Four countries share practical ways to increase physical activity in schools, reducing musculoskeletal risks for future workers
The school system provides an ideal opportunity to establish active and healthy behaviours before future generations enter the workforce, reducing risks to their musculoskeletal health. This is illustrated by varied examples throughout Europe, including initiatives in Finland, Austria, Hungary and Germany, as detailed in the Better Schools by Promoting Musculoskeletal Health report.
Finland: Schools on the Move
The Finnish "Schools on the Move" programme aims to increase physical activity levels throughout the school day, with no disruption to learning. Quite the opposite in fact: integrating movement should improve learning outcomes, as well as students' health and wellbeing.
The programme includes:
- Integration of movement in lessons and breaks
- After-school clubs
- Events and promotions on the topic of physical activity
- Active school commute
A research centre is responsible for the overall coordination of the project and provides schools with training and guidance towards implementation and evaluation. Students are also actively encouraged to provide input.
Evaluation data continues to reveal encouraging results: the programme is now used in over 90% of Finnish comprehensive schools; and in participating schools, 77% of students took part in physical activities during the school day.
Austria: Moving School
Originally, the aim of the initiative "Moving School Austria" was to counteract the increasing number of health concerns among students, and reduce the time spent sitting in schools. This evolved into a more holistic goal, whereby increasing physical activity will help to improve the overall educational quality of schools.
Implementation in schools is centred on a cogwheel model, where action to improve in one area has a positive impact on the others: "school as a place of learning and living", "teaching and learning" and "management and organisation".
Teacher training in active lessons and active breaks is central to the project, with the initiative website providing a wide range of resources to support movement-oriented planning. Ideas include 'letter run' and 'hiking arithmetic'. Students also learn to use their break for exercise and a healthy snack.
"Moving School Austria" has widespread uptake across the country and its importance has been recognised in educational policy. Support and input from the occupational safety and health (OSH) sector has also played a vital role.
Hungary: Daily Physical Education
Hungary is (so far) the only European country where it is a legal requirement for students to receive a daily PE class. This forms part of a wider health promotion initiative, which also sees schools teaching about nutrition and promoting the mental health of students.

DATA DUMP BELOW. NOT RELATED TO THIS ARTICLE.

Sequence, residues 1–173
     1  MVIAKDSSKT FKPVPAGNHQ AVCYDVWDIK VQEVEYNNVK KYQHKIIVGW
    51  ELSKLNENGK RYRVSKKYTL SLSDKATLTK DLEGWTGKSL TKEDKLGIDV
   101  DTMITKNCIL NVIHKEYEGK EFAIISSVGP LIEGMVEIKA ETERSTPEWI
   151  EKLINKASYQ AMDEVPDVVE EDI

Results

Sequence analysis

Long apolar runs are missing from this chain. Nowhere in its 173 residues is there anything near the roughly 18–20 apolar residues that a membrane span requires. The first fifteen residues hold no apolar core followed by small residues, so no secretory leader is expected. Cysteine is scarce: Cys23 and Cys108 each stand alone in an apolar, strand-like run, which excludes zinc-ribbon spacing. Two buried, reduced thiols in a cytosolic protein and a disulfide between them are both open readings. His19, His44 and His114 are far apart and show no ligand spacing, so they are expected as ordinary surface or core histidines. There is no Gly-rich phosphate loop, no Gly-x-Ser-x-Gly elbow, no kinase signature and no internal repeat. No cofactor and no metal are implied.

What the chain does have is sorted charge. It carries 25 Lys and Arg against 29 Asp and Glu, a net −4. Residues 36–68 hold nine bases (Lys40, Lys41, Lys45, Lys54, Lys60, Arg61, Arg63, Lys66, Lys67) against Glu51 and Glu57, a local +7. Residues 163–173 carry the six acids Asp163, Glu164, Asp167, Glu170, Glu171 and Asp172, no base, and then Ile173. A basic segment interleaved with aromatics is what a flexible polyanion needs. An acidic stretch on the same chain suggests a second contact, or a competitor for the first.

PE classes should contain as much movement as possible, as well as meet specific criteria set in national educational guidelines, which includes:
- Incorporating exercises on posture training and body strengthening
- Accounting for age-related strength of the spine and joints in the selection and execution of exercises
- Paving the way for lifelong enjoyment of sport
A national school fitness test is used to test the strength, endurance, flexibility and body composition of every student from year five onwards. Schools are provided with the necessary tools to collect and analyse the data.
This measure could only succeed thanks to political willpower, the persistence of the public health sector and an overarching cooperation between all relevant policy areas.
Germany: "Safety and health in physical education" initiative
High incidence of sport-related accidents in German schools prompted the "Safety and health in physical education" initiative. This aims to ensure awareness and knowledge of safety and health are established across all school levels, particularly among those responsible for teaching PE, creating a sustainable culture of prevention.
At national level, research projects, safety and health handouts, specialist conferences and symposia complement activities at school level, such as teacher training and legal and curricular guidelines for schools.
A 15-year duration has been set for the project, to ensure meaningful systemic change is achieved. It is hoped that there should be a significant decrease in both minor and severe sporting accidents in schools as a result. Furthermore, this is the first long-term cooperation between the education and OSH sectors in Germany, potentially paving the way for more sustainable prevention and health promotion, going above and beyond PE in schools.
If MSDs in children and young people can be prevented, starting with good habits established in schools, this will contribute to decreasing their prevalence among future wokers, regardless of their age.
You can find further information on these best practice examples in the Better Schools by Promoting Musculoskeletal Health report. Additional resources are also available in the Future Generations Priority Area.